This is page 22 of An Anglo-Saxon Dictionary by Bosworth and Toller (1898)

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A.D. 860, hér, Æðelbald cyning forþférde here, A. D. 860, king Æthelbald died, Chr. 860; Erl. 71, 3.

æðel-boren; part. Noble-born, free-born, noble; natu nobitis, nobili genere natus, nobilis :-- Sum æðelboren man homo quidam nobilis. Lk. Bos. 19, 12, Æðelborene cild vel freóbearn liberi, Ælfc. Gl. 91; Wrt. Voc. 1, 67: Apol. Th. 19, 21. v. beran.

æðdel-borennes, -ness, e; f. Nobleness of birth; nobilitas :-- Ic ðíne æðelborennesse geseó I see the nobleness of thy birth, Apol. Th. 15, 18.

Æðelbryht, -berht, -briht, es; m. [æðele, bryht bright, excellent. v. beorht]. 1. Ethelbert king of Kent, for fifty-six years, from A.D. 560-616. Ethelbert was converted to Christianity by the preaching of St. Augustine: v. Augustinus :-- A. D. 560 [MS. 565], hér, féng Æðel-bryht [MS. Æðelbriht] to Cantwara ríce here, A. D. 560, Ethelbert succeeded to the kingdom of Kent, Chr. 565; Erl. 17, 18. Ðá wæs ymb syx hund wintra and iyxtyne winter fram Drihtnes mennyscnesse, ðæt wæs ymb án and twentig wintra ðæs ðe Agustinus, mid his geferum, to læ-acute;ranne on Angel þeóde sended wæs, ðæt Æðelbryht Cantwara cyning æfter ðam hwílendlícan ríce ðæt he six and fíftig wintra wundorlíce hæfde, and ðá to ðam heofonlícan ríce mid gefeán astáh anno ab incarnatione Dominica sexcentesimo decimo sexto, qui est annus vicesimus primus, ex quo Augustinus cum sociis ad prædicandum genti Anglorum missus est, Æthelbryhtus [Æthelberht] rex Cantuariorum, post regnum temporale, quod quinquaginta et sex annis gloriosissime tenuerat, æterna cœlestis regni gaudia subiit. Bd. 2, 5; S. 506, 5-9. Hér forþférde Æðelbryht [MS. Æðelberht] Cantware cining, se ríxade lvi wintra here, A. D. 616, Ethelbert king of the Kentish people died, who reigned fifty-six years, Chr. 616; Erl. 21, 37. 2. Æðelbryht, es; m. Ethelbert the second; Æthelbryhtus, the second son of Æthelwulf. This Ethelbert, after the lapse of 239 years from the death of Ethelbert the first in 616, became king of Kent, Essex, Surrey, and Sussex, for five years, from 855 to 860; he succeeded to Wessex on his brother's death, in 860, and reigned five years more over these five counties, from 860 to 865 ; he was therefore king for ten years, from A. D. 855-865 :-- A. D. 855, ðá féngon Æðelwulfes ii suna to ríce; Æðelbald to Westseaxna ríce; and Æðelbryht to Cantwara ríce, and to Eástseaxena rice, and to Súþrigean, and to Súþseaxena ríce then, A.D. 855, Æthelwulf's two sons succeeded to the kingdom; Æthelbald to the kingdom of the West Saxons, and Ethelbert to the kingdom of Kent, and to the kingdom of the East Saxons, and to Surrey, and to the kingdom of the South Saxons, Chr. 855; Th. 129, 16-22, col. i. A. D. 860, hér, Æðelbald cyning forþférde, and féng Æðelbryht to eallum ðam ríce his bróðor, and se Æðelbryht [MS. Æðelbriht] rícsode v gear here, A. D. 860, king Æthelbald died, and Ethelbert succeeded to all the kingdom [Wessex] of his brother, and Ethelbert reigned five years. Chr. 860; Erl. 71, 3-10.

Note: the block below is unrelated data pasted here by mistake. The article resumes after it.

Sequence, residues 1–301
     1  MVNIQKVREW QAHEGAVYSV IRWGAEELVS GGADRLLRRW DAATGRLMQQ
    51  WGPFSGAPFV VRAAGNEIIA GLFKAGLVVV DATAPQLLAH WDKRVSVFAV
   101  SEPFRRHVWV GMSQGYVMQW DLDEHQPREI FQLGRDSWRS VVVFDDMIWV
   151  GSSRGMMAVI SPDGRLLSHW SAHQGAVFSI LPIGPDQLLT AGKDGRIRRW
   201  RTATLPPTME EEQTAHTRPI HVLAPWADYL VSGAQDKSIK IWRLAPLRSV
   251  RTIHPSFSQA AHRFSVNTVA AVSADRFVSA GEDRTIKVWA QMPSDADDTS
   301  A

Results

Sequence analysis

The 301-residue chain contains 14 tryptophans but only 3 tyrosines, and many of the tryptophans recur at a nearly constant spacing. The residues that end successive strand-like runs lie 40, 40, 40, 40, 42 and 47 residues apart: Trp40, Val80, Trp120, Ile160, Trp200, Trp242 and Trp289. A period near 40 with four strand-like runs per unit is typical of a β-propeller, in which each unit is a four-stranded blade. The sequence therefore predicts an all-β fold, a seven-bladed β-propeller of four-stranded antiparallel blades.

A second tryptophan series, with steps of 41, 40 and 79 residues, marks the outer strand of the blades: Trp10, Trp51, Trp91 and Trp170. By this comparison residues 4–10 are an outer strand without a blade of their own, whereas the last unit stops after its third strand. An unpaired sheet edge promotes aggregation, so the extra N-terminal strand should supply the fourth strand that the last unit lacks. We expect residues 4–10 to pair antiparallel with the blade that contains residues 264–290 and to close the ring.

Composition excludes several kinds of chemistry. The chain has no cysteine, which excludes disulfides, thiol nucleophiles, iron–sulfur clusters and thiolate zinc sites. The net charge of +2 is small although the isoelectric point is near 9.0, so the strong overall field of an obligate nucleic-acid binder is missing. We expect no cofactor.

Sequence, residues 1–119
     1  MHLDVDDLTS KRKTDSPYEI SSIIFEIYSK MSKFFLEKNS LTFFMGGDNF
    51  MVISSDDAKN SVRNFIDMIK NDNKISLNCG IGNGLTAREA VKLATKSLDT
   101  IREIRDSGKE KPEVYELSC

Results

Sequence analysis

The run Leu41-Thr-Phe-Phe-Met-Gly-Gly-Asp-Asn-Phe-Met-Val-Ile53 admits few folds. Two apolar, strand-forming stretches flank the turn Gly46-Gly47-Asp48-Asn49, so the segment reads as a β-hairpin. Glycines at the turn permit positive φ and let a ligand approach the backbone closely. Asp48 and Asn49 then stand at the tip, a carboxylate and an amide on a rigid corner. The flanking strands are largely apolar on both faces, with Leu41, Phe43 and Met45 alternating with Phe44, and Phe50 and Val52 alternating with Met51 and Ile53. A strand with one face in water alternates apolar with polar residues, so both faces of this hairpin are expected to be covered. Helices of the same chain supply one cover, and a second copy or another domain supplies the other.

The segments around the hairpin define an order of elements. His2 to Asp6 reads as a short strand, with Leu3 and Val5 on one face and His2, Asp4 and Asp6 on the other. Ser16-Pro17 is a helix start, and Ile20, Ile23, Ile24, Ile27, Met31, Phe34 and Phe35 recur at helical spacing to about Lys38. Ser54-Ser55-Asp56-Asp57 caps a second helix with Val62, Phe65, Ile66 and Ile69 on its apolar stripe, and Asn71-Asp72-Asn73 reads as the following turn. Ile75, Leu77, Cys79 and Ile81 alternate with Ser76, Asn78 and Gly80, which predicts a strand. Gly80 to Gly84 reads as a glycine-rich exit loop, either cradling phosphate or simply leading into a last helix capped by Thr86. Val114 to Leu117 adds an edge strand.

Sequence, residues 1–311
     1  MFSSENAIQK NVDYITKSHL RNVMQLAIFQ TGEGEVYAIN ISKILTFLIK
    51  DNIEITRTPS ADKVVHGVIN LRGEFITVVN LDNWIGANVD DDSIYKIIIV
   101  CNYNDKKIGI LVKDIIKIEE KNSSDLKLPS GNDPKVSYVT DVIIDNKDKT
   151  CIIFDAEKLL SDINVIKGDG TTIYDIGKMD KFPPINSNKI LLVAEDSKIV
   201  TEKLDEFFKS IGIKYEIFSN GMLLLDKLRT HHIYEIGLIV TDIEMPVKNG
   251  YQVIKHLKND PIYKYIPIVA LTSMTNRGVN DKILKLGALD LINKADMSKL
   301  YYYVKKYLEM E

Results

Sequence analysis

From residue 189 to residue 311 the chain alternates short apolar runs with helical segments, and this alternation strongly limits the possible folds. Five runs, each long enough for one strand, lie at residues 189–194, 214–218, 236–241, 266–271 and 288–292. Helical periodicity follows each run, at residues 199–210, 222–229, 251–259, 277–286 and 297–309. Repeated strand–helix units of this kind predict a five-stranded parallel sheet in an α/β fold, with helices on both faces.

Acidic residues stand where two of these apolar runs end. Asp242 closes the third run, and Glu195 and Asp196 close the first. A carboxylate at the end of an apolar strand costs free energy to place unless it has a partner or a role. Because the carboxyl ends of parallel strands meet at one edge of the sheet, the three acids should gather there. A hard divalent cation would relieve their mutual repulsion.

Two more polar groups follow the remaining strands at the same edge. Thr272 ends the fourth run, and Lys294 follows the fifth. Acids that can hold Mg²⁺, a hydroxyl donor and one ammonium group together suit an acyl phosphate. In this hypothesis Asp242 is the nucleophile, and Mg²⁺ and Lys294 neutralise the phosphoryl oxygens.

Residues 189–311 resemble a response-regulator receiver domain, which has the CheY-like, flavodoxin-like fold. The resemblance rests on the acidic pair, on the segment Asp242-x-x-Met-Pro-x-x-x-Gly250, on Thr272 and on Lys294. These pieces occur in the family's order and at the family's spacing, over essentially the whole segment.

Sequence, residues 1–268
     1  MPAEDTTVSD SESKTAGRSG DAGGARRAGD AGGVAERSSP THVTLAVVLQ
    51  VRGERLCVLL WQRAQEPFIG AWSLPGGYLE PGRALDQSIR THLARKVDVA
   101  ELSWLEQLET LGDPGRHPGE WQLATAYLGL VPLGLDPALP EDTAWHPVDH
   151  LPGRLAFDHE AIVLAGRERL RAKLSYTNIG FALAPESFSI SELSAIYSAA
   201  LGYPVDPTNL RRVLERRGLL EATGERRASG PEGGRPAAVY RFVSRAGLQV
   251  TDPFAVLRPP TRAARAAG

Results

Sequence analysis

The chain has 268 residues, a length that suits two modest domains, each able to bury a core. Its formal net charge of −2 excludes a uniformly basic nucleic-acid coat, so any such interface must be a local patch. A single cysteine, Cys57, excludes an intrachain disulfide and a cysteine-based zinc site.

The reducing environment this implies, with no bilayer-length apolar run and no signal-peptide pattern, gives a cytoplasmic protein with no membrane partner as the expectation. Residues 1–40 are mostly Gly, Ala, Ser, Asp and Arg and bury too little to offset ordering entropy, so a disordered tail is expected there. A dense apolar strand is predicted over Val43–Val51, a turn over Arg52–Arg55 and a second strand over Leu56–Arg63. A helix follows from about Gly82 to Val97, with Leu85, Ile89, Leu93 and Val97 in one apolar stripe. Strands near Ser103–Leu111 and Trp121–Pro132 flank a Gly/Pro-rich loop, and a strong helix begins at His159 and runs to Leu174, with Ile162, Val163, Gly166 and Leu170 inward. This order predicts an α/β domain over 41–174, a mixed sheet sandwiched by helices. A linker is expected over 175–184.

æðel-cund; adj. Of noble kind or origin, noble; nobilis originis :-- Æðelcunde mægþ the noblewoman. Exon. 119 b; Th. 459, 18; Hö. 1.

æðel-cundnes, -ness, e; f. Nobleness, nobility; nobilitas :-- Mid micelre æðelcundnesse with great nobleness, Bt. 19; Fox 68, 31.

æðel-cyning, es; m. The noble king, used for Christ; rex nobilis, Christus :-- Crisles onsýn, æðelcyninges wlite Christ's countenance, the noble king's aspect, Exon. 21 a; Th. 56, 27; Cri. 907. Æðelcyninges ród the cross of the noble king, Elen. Kmbl. 437; El. 219: Andr. Kmbl. 3354; An. 1681.

æðel-duguþ, e; f. A noble attendance; comitatus nobilis :-- Hine ymbútan æðelduguþ, eádig engla gedryht around him a noble attendance, a blessed train of angels, Exon. 22 b; Th. 62, 36; Cri. 1012.

æðele, eðele; comp. -ra; swp. -ast, -est, -use; adj. I. noble, eminent, not only in blood or by descent, but in mind, excellent, famous, singular; nobilis, generosus. præstabilis, egregius, excellens :-- Se eorl wæs æðele the earl was noble, Cd. 59; Th. 72, 5; Gen. 1182. He sægde Habraharne, æðeles geþingu he told to Abraham the promises of the noble, Andr. Kmbl. 1512; An. 757. Æðelan cynnes of noble race, Cd. 154; Th. 192, 6; Exod. 227. Æðelre gebyrde of noble birth, Bd. 2,15; S. 518, 37. Æðelum cempan to the noble champion, Andr. Kmbl. 460; An. 230. Ðære æðelan [cwéne] to the noble lady, Elen. Kmbl. 1085; El. 545. Wuldriaþ æðelne ordfruman they glorify the noble origin, Exon. 13b; Th. 25, 17; Cri. 402. Æðelum stencum with sweet odours, 64a; Th. 237, 7; Ph. 586: Cd. 75; Th. 92, 24; Gen. 1533. Ðone æðelan Albanum Albanum egregium. Bd. 1, 7; S. 476, 34. He wæs on his móde æðelra ðonne on woruld gebyrdum he was in his mind more noble than in worldly birth. Bd. 3, 19; S. 547, 26. Of ðam æðelestan cynne of the most noble race, 3, 19; S. 547, 25. Æðelast tungla the noblest of stars, Exon. 57 a; Th. 204, 6; Ph. 93: Ps. Th. 84, 10. Æðelust bearna. the noblest of heroes. Elen. Kmbl. 950; El. 476. II. noble, vigorous, young; nobilis, novellus :-- Ðine beam swá elebeámas æðele weaxen thy children grow like young olive-trees; sicut novellæ olivarum, Ps. Th. 127, 4: 143, 14. Swá swá æðele plantunga sicut nauellæ plantations, Ps. Spl. 143, 14. [O. Sax. eðili: O.Frs. ethel, edel: Out. Ger. edel: M.H.Ger. edele: O.H.Ger. edili: Dan. Swed. ädel: O.Nrs. aðal, n. natura, ingenium.] DER. ???einn-æðele, ge-, on-, un-.